2.2. Data Acquisition
2.3. Data Preparation
2.4. Data Split
2.5. Performance Metrics
2.6. Feature Extraction Preprocessing with Fast Fourier Transform
2.7. Convolutional Neural Network Architecture
2.8. Visualization of Convolutions
2.8.2. Activation Maps for RGB
2.8.3. Activation Maps for Grayscale
2.8.4. Filter Effect on Images
4. Discussion and Conclusions
- The proposed CNN method exhibits outstanding performance when RGB analysis is performed for the examined images of this case study. This can be emanated from the fact that the results produced from the application of the CNN architecture are based on distinct features that appear specifically on the anthracnose-infected leaves, compared to the healthy leaves, i.e. brown spots and areas.
- The fast Fourier transform method seems to be of major significance in feature extraction in the case of the grayscale images, because it accentuates the abrupt changes and edges of the leaves. This denotes that the infected leaves have more edgy features than the healthy ones.
- The proposed CNN architecture exhibits better, or similar, performance to well-known CNN architectures (i.e., DenseNet121, VGG16, ResNet50 and InceptionV3) which have been efficiently used as benchmarks in image processing problems for the past years.
- Overall, for the purpose of image analysis and classification, the CNN methodology is proved to be proper for complex image classification tasks, such as the one under hand here, when a large number of images is considered, outweighing the popular CNN architectures for image analysis, such as DenseNet121, VGG16, ResNet50 and InceptionV3.
Conflicts of Interest
Appendix A. Proposed CNN Architecture
Appendix B. Model Performance
Appendix B.1. Grayscale without Background Removal
Appendix B.2. Fast Fourier without Background Removal
Appendix B.3. RGB without Background Removal
Appendix B.4. Grayscale with Background Removal
Appendix B.5. Fast Fourier with Background Removal
Appendix B.6. RGB with Background Removal
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|% of total dataset||68%||17%||15%|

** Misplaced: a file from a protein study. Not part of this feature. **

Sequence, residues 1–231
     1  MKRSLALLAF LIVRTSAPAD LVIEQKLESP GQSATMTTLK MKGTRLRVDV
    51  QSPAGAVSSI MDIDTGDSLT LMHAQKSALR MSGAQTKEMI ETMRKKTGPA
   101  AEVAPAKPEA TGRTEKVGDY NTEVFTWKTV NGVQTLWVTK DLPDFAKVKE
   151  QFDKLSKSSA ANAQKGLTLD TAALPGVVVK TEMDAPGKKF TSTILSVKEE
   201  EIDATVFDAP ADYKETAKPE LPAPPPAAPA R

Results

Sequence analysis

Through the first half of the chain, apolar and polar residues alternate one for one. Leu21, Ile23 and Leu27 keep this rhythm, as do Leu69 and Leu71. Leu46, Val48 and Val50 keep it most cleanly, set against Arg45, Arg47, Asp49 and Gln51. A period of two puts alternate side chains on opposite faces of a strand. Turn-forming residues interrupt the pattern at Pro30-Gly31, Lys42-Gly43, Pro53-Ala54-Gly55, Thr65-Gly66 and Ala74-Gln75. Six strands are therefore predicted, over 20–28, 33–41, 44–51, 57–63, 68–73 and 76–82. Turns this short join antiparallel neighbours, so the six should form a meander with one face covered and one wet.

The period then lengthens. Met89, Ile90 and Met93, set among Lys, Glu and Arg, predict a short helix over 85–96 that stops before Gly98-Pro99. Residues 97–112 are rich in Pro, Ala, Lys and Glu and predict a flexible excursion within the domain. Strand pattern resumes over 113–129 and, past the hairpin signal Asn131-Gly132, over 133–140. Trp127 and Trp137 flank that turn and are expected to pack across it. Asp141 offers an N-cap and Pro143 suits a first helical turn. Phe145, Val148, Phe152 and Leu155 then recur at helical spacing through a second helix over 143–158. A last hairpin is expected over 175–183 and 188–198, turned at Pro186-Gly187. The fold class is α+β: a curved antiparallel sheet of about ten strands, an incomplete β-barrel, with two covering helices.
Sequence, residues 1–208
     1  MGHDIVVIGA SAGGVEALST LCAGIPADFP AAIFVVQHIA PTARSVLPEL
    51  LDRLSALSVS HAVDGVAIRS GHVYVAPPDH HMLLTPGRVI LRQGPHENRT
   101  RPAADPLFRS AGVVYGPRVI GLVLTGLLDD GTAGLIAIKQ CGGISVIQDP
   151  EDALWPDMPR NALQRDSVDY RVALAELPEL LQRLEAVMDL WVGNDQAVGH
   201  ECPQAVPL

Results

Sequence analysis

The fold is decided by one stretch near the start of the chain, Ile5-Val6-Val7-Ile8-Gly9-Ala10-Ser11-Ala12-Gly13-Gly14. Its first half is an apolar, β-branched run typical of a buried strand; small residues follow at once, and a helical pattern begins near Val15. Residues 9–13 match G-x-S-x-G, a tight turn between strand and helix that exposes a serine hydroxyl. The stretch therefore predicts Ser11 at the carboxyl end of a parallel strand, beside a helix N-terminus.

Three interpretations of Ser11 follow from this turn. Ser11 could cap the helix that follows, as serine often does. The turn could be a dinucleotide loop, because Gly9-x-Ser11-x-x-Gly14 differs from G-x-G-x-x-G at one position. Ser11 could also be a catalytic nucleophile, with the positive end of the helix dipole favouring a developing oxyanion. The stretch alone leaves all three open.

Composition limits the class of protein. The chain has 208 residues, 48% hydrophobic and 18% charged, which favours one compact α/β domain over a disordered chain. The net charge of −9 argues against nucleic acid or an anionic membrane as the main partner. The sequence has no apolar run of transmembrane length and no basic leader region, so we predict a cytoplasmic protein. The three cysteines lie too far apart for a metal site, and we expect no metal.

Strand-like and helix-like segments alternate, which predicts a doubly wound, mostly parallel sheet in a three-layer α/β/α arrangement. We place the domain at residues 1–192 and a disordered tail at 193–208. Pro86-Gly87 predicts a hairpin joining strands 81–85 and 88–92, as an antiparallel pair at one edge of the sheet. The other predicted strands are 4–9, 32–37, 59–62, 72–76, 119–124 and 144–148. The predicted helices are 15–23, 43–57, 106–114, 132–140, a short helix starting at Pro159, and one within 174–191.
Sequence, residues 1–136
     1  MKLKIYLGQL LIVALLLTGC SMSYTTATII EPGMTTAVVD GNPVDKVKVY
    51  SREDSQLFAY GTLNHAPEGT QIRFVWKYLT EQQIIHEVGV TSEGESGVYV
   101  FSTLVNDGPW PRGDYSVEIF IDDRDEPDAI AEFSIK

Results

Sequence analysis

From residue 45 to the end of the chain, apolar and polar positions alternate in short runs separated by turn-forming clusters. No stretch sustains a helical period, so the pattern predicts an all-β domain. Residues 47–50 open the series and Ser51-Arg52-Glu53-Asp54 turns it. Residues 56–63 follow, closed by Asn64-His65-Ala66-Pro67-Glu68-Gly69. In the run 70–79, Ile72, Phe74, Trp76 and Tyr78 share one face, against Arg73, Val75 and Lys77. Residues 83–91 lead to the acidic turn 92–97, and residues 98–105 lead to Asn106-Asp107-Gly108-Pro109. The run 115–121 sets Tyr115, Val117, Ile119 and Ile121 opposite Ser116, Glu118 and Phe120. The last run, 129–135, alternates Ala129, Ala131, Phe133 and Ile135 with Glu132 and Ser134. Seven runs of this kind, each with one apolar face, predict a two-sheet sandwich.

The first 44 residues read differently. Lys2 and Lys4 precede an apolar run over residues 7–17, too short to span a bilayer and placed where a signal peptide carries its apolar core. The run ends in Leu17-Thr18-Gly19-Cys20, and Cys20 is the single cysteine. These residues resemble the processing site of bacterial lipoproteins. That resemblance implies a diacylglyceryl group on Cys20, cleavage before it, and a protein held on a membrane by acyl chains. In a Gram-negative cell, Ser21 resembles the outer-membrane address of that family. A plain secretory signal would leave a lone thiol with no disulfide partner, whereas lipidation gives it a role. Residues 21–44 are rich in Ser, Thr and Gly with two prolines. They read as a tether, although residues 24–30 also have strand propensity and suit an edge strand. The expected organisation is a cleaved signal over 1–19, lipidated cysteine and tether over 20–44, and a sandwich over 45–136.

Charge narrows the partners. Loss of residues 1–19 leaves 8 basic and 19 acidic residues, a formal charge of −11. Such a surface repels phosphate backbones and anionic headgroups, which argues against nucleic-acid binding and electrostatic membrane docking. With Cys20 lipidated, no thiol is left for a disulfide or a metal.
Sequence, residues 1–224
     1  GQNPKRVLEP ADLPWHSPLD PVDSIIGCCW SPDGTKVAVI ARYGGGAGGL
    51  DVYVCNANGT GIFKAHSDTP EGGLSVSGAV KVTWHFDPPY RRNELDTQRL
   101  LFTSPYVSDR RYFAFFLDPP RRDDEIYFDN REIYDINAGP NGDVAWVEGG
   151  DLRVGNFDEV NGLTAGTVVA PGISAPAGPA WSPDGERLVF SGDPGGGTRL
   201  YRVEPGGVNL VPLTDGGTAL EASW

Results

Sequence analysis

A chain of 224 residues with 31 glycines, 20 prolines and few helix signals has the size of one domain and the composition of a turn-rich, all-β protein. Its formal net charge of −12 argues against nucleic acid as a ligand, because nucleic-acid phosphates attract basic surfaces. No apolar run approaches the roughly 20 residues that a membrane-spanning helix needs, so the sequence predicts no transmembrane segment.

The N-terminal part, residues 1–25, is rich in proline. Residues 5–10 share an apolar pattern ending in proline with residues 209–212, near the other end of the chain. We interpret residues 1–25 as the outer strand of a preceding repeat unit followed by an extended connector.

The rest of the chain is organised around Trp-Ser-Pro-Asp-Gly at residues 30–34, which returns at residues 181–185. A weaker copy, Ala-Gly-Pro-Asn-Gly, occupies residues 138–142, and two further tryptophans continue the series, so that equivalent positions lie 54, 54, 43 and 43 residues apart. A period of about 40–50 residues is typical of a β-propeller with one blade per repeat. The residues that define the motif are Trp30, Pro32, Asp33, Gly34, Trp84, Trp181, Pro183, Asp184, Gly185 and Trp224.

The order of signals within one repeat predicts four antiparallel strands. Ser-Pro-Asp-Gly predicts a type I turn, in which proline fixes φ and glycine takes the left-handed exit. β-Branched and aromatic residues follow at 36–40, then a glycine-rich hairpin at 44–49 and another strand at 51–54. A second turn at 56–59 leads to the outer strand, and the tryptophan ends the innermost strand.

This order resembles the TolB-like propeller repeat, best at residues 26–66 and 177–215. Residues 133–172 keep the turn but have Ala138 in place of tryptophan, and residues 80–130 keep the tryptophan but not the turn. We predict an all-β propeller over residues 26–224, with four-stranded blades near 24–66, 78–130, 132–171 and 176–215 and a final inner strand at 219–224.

|# of images||3053||764||674|
|Accuracy||ratio of correctly predicted observation to the total observations (preferred in balanced datasets)||(TP + TN/TP + FP + FN + TN)|
|Precision||ratio of correctly predicted positive observations to the total predicted positive observations||(TP/TP + FP)|
|Recall||ratio of correctly predicted positive observations to all observations in actual class||(TP/TP + FN)|
|F1 score||is the weighted average of Precision and Recall (preferred in unbalanced datasets)||[2 · Recall · Precision]/[Recall + Precision]|
|Layer (Type)||Output Shape||Param #|
|conv2d_1 (Conv2D)||(None, 254, 254, 32)||896|
|max_pooling2d_1 (MaxPooling2)||(None, 127, 127, 32)||0|
|conv2d_2 (Conv2D)||(None, 125, 125, 64)||18,496|
|max_pooling2d_2 (MaxPooling2)||(None, 62, 62, 64)||0|
|conv2d_3 (Conv2D)||(None, 60, 60, 128)||73,856|
|max_pooling2d_3 (MaxPooling2)||(None, 30, 30, 128)||0|
|conv2d_4 (Conv2D)||(None, 28, 28, 256)||295,168|
|max_pooling2d_4 (MaxPooling2)||(None, 14, 14, 256)||0|
|conv2d_5 (Conv2D)||(None, 12, 12, 512)||1,180,160|
|max_pooling2d_5 (MaxPooling2)||(None, 6, 6, 512)||0|
|flatten_1 (Flatten)||(None, 18,432)||0|
|dropout_1 (Dropout)||(None, 18,432)||0|
|dense_1 (Dense)||(None, 512)||9,437,696|
|dense_2 (Dense)||(None, 1)||513|
|Total params: 11,006,785|
|Trainable params: 11,006,785|
|Non-trainable params: 0|
|Layer||Filter Dimensions||Number of Filters|
|Conv2d_1||3 × 3||32|
|Conv2d_2||3 × 3||64|
|Conv2d_3||3 × 3||128|
|Conv2d_4||3 × 3||256|
|Conv2d_5||3 × 3||512|
|Decision Trees||Random Forest||Ada-Boost||Support Vector Machines||Artificial Neural Networks|
|VGG16||DenseNet121||ResNet50||Inception V3||Proposed CNN|
|Execution time (s)||1391.31||1866.893||1290.42||1712.213||989.185|
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Anagnostis, A.; Asiminari, G.; Papageorgiou, E.; Bochtis, D. A Convolutional Neural Networks Based Method for Anthracnose Infected Walnut Tree Leaves Identification. Appl. Sci. 2020, 10, 469. https://doi.org/10.3390/app10020469
Anagnostis A, Asiminari G, Papageorgiou E, Bochtis D. A Convolutional Neural Networks Based Method for Anthracnose Infected Walnut Tree Leaves Identification. Applied Sciences. 2020; 10(2):469. https://doi.org/10.3390/app10020469Chicago/Turabian Style
Anagnostis, Athanasios, Gavriela Asiminari, Elpiniki Papageorgiou, and Dionysis Bochtis. 2020. "A Convolutional Neural Networks Based Method for Anthracnose Infected Walnut Tree Leaves Identification" Applied Sciences 10, no. 2: 469. https://doi.org/10.3390/app10020469